10 1% 8% 6% 4% 2% Chinese households spending more on transport Source: China Statistical Year Book, 25 Airbus estimate % of total household expense % E Transportation and communication Recreation and education Domestic China forecast RPKs (billions) Housing Food, clothing, medicine, others China single-aisle aircraft demand sensitivity is low *Average Annual Growth Rate (AAGR) China forecast Historical traffic : 16.45% p.a Single-aisle demand History LOW 1,99 Forecast Airbus traffic forecast 26-21: +14.7% p.a : +11.3% p.a RPK = f (Real GDP$ at PPP per cap. PRC, Real imports & exports $ PRC, Yield, Chinese Middle Class, Saving rate, Liberalisation) (AAGR*) BASE 1,161 HIGH 1,257 Domestic China air travel doubling every 5 years Lower household saving rates in urban areas and higher income have already transformed Chinese households spending habits towards more discretionary items. Spending on cars and housing has grown threefold and is continuing to grow at even higher rates. Transport and communications have become the fastest growing discretionary spending items representing 1% of the Chinese household wallet today. The largest beneficiary has been air transport, with domestic air traffic doubling every five years. Indeed, domestic China traffic depends on the typical economic drivers such as the GDP, exports and imports, and airfares. However, it is also driven by other specific emerging market characteristics such as middle class development and corresponding disposable income (influenced, in the case of China, by the household saving rates) as well as more qualitative variables, such as the pace of deregulation. Based on those drivers, Airbus anticipates that domestic traffic will grow at 14.7% per year for the next five years and 11.3% for the following five years. At that rate and considering aircraft retirement over that period, the airlines of China will require the delivery of 1,161 new single-aisle aircraft to fill the domestic demand for air travel. Forecast scenarios based on different views and assumptions, derived from various economists and industry analysts, show little variation in terms of domestic air traffic demand and single-aisle requirement in China. Indeed, the selection of the lowest and highest assumptions gives only 1 above and 6 below the most likely case. What is certain however, is that demand for single-aisle aircraft in China is set for strong Government & business travel 6% 25 Government & business travel 19% Private & leisure travel 4% Private & leisure travel 81% Chinese outbound tourism entered a new phase in 25. For the first time, the number of outbound travellers exceeded 3 million people, of which more than 8% were tourists. However, only one in five Chinese travellers leave Asia after crossing the border. The number of urban middle class households reaching the income threshold that opens up the possibility of international air travel is accelerating. As a result, Chinese outbound tourism is on the verge of becoming the fastest growing tourism market on the planet. In 25, around 3.5 million Chinese outbound tourists travelled beyond Asian borders, but this figure is expected to reach 3 million by 215. After joining the Chinese Approved Destination list, South Africa and Kenya have been able to increase the number of Chinese tourists visiting them by 69% and 661% respectively. However, surveys demonstrate that Europe and Australia are the destinations of choice for the future Chinese tourists, both in terms of aspiration and intention. China to Europe represents 6% of the total longhaul international traffic of China compared with 3% for the China to North America traffic flow. Europe is expected to remain the largest Chinese international long-haul market. Over the next 2 years, China international and domestic air travel demand will grow 6.2% and 8.2% per year respectively. To satisfy this strong travel demand, the Chinese airlines will need to increase their passenger fleet from 758 aircraft in service today, to as many as 2,666 aircraft by 225. Also emerging, demand for freight traffic is expected to grow at a 8.9% per year pace. The dedicated freight fleet of the Chinese airlines will need to grow from a small fleet of 33 aircraft today to 49 freighters by ,5 2, 1,5 1, 5 China outbound tourism: fastest air travel market segment in the world Source: China National Tourism Administration, Airbus People (millions) China tourism outside Asia China tourism to Asia History Forecast ,639 new passenger aircraft needed in China Passenger aircraft demand 1 seats; freighter excluded Fleet size 758 Stay 1,892 Growth Replaced 2, China air transport demand summary 2,639 aircraft 288 billion US$ China Total passenger traffic 9.% 7.2% Domestic traffic 11.3% 8.2% International traffic 6.8% 6.2% Total freight traffic 1.5% 9.1% Total new (passenger aircraft) 1,53 2,639 Single-aisles 1,161 1,99 Twin-aisles Very large Fleet in service China Passenger 758 2,666 Freighter Global Market Forecast Demand for air travel Demand for air travel Global Market Forecast 17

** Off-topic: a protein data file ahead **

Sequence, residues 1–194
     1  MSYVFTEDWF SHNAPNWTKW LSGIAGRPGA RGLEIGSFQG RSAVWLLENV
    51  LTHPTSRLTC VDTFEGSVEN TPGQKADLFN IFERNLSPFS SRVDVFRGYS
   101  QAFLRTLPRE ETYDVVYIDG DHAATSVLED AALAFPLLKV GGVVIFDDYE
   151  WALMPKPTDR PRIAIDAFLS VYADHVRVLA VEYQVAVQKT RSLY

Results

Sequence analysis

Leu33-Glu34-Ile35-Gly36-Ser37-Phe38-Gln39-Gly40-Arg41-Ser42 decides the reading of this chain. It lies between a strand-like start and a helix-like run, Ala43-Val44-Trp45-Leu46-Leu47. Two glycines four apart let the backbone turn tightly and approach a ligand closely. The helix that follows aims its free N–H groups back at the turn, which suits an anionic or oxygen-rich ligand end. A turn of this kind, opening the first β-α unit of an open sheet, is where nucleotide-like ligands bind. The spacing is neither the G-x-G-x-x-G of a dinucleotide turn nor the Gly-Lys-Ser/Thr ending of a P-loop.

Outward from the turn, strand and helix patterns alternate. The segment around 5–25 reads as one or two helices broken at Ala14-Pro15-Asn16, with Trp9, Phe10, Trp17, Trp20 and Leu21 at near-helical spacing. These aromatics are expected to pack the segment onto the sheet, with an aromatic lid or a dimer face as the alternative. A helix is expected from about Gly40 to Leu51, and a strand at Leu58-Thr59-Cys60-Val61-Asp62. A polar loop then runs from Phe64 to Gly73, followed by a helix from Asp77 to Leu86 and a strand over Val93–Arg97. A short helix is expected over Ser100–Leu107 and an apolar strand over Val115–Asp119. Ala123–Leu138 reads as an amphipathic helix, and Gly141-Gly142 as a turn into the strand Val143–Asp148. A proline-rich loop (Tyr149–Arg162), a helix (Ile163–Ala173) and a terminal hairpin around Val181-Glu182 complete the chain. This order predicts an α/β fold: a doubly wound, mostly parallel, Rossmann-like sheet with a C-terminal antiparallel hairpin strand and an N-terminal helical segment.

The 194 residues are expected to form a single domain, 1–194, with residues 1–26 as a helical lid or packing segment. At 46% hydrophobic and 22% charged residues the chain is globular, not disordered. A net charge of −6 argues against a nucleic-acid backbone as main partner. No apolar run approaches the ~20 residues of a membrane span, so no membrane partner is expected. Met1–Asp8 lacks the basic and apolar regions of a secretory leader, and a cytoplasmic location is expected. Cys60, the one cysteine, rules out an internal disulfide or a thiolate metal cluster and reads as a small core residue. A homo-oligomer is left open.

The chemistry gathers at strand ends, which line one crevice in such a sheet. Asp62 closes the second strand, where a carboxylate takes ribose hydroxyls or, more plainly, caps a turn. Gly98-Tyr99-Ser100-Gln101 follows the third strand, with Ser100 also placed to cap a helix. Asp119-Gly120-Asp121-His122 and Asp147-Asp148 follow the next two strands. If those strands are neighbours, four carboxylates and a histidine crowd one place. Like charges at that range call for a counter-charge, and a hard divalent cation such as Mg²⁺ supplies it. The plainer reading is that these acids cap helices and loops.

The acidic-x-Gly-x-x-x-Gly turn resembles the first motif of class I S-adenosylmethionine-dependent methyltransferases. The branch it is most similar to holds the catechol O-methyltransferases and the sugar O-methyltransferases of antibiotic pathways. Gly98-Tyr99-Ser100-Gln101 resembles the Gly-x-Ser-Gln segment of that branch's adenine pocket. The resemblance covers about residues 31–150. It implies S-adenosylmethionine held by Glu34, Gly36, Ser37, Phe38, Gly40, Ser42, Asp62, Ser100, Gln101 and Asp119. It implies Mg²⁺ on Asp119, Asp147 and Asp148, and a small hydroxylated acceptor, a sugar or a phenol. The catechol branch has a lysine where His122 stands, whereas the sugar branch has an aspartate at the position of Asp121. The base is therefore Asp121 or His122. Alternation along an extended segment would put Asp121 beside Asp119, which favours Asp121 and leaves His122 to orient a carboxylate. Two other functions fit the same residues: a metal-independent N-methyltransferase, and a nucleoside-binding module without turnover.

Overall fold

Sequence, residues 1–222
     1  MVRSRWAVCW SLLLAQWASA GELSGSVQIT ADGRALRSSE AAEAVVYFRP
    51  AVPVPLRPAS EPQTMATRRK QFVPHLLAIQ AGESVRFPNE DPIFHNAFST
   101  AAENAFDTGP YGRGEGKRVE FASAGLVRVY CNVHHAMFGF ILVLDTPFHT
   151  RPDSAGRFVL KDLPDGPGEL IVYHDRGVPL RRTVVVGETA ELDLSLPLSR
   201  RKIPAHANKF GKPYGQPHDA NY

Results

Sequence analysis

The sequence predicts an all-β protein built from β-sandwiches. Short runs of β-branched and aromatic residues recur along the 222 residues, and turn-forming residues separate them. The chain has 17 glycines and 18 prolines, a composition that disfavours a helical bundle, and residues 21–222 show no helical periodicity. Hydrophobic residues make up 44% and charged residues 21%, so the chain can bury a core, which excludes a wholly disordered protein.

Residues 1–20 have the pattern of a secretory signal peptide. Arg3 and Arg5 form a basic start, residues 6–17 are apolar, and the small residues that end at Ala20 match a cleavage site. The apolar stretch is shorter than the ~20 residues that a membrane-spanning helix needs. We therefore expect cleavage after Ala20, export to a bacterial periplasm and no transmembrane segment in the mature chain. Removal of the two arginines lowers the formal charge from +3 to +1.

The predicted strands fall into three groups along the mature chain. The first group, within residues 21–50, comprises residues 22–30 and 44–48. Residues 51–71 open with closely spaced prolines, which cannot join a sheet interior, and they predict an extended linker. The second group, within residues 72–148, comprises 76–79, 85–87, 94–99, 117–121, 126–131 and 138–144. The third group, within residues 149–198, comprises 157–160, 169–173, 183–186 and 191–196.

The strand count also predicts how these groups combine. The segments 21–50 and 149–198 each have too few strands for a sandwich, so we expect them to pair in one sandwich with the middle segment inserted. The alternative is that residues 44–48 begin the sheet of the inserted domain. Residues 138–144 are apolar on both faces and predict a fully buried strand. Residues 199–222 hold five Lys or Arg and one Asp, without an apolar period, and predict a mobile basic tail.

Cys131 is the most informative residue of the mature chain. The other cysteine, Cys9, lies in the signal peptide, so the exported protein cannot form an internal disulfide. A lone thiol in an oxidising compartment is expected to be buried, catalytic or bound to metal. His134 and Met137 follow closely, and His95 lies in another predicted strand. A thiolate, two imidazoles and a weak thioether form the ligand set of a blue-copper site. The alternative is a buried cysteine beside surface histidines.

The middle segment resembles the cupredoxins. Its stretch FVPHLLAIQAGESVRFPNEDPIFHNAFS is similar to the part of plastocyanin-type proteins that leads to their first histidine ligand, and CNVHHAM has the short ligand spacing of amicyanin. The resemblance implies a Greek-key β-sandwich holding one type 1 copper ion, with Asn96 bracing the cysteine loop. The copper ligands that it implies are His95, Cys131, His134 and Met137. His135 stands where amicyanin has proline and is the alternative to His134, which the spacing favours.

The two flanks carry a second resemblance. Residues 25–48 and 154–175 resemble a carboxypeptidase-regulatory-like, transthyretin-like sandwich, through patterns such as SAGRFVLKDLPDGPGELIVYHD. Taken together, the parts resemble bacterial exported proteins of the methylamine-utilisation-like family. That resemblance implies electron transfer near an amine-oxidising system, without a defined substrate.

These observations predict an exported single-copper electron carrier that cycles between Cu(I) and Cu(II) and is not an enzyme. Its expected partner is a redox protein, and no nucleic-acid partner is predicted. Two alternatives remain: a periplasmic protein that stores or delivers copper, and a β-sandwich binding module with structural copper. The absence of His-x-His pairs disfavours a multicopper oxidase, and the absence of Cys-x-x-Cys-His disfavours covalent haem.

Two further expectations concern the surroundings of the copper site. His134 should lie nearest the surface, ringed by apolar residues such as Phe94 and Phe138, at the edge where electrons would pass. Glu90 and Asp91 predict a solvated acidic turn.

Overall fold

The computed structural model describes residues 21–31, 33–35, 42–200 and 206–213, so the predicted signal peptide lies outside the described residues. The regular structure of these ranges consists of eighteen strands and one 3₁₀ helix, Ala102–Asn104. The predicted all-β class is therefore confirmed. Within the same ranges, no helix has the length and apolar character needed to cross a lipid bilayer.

11 Olympic Games & World Cup to boost tourism in China and South Africa The 28 Olympic Games in Beijing and the 21 Football World Cup in South Africa represent a considerable opportunity for these emerging economies to boost tourism and air transport to new levels. Major sporting occasions such as the Olympic Games or the World Cup traditionally generate infrastructure projects, jobs and revenue prior to and during the events, but their legacy in terms of infrastructure and international tourism can last for decades. However, because emerging countries are characterised by (1) a relatively untapped tourism market, (2) a limited global awareness of what the country can offer and (3) an infrastructure still in development, they have even more to gain from major sporting events than developed countries. For example, the Olympic Games held in Tokyo in 1964 and Seoul in 1988 were significant, partly because they are the only games to have been hosted by Asian countries, but even more so because these countries were still considered to be emerging economies when the games took place. The 1964 Olympics showed the rest of the world how rapidly Japan had recovered, with its muchvaunted Shinkansen bullet train making its debut between Tokyo and Osaka just in time for the opening of the event, showcasing Japan s emergent technology and economy. Similarly, the Seoul Olympics provided an opportunity for the world to discover South Korea s cultural heritage and marked a turning point in the development of Korea s tourism industry. Emerging countries to benefit the most from Olympic Games or World Cup Source: Sparrow 1988, Airbus Inbound tourism increase in % preevent Growth after event Growth without event during event postevent Developed host nation London 212 Atlanta 1996 Los Angeles 1984 preevent Growth after event during event Growth without event postevent Developed host nation with tourism below potential Athens 24 Sydney 2 Barcelona 1992 Host in emerging countries South Africa World Cup 21 The potential benefits are enormous, even for developed countries: the Sydney Olympics accelerated the process of elevating the Australian tourism profile through the leverage of significant media exposure. Studies have credited the Olympics with bringing Australia not only AU$6 billion in inbound tourism spending during the year following the games but more importantly, with creating the equivalent of AU$6.1 billion worth of international exposure, thereby advancing international recognition of its tourism attractiveness by 1 years. Surveys show that the Olympics have increased tourist intention to go on holiday to Australia by an average of 4% in Asia and by 2% in North America and Europe. So, given the quality and extensive global coverage that the 28 Beijing Olympics and the 21 South Africa World cup promise to receive, they can certainly be expected to generate much longer-term tourism benefits and to contribute greatly to the traffic of the host nations. Beijing 28 Seoul 1988 Tokyo Global Market Forecast Demand for air travel Demand for air travel Global Market Forecast 19